Praying with Justice

A moral theologian once said in his homily that prayer and Holy Mass can be seen as acts of justice. Justice is defined as “giving each one what is owed to them.”

When we go to God, when we communicate with our Creator, we are giving back what is owed to him, our worship.

But then the question arises, am I giving everything back to God, or just the bare minimum?

This past Sunday’s Gospel concludes with an answer.

“We are unprofitable servants; we have done what we were obliged to do.” (Luke 17:10)

Wow, what an uncomfortable verse. We are asked to say that about ourselves, instead of wanting more praise for what we have done.

This is a difficult statement, but prayer can be difficult. Beyond finding the motivation to pray at times, or making sure to carve out time to pray; the words themselves of our prayer can be difficult.

Take the Creed as an example. When we say, “I believe,” we are uttering words of commitment. We don’t say, “I think,” or “I like the idea of,” but truly and fully committing ourselves to our faith in those simple words: “I believe.”

Deliver Me, Jesus

Another difficult prayer is the Litany of Humility. Victor wrote about it a few weeks ago. Here is a portion of the prayer:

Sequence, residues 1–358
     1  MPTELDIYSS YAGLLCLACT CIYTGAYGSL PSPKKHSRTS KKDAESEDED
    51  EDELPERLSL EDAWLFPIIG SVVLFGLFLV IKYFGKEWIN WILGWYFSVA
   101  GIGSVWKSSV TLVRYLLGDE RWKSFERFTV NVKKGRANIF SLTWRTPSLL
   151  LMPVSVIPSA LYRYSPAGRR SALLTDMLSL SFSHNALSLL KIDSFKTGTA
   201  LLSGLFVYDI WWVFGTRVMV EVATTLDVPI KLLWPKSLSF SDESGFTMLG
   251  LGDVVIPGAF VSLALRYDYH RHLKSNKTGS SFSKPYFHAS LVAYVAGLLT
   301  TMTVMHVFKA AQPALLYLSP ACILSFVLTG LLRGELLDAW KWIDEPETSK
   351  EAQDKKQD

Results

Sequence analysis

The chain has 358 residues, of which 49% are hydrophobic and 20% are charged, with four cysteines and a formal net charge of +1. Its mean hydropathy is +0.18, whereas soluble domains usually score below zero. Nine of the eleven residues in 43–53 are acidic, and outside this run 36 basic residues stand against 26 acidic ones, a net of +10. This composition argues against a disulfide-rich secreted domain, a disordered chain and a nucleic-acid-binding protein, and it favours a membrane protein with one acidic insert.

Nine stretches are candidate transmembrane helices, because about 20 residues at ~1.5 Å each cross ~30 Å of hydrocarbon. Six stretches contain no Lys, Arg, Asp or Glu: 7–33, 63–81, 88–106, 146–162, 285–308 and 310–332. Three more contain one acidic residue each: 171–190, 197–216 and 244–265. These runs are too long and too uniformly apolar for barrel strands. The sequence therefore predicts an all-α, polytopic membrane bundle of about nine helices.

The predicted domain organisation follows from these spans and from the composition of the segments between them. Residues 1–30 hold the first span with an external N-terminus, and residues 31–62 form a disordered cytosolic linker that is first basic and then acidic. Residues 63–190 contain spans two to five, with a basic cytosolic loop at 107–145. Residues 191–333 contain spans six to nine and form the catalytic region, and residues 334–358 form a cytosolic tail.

From the desire of being extolled … Deliver me, Jesus
From the desire of being honored …
From the desire of being praised …
From the desire of being preferred to others…

I love how the prayer invokes protections from desires. It recognizes the desires inside of us that can lead us to pride.

Then, the prayer navigates to fostering greater care for our neighbors.

That others may be chosen and I set aside …Jesus, grant me the grace to desire it.
That others may be praised and I unnoticed …
That others may be preferred to me in everything…
That others may become holier than I, provided that I may become as holy as I should…

Wow! Talk about commitment. Uncomfortable statements indeed. But again, we are only asking for the grace to desire these petitions, thus freeing ourselves if and when someone else is chosen and we are set aside.

Take this Sunday’s Gospel ending, and you can easily see it fit in to the petitions of the litany.

Faith in serving our master means seeking humility, and offering everything we can for God’s greater glory; not to feel content in doing the minimum, but humbly seeking the path of sainthood.

Daniel Quintero is a newlywed husband, writer, and avid karaoke singer. He currently attends Prince of Peace Catholic Church where he volunteers in the lector ministry and with faith formation. His favorite motto:  “Awkwardness does not exist.”

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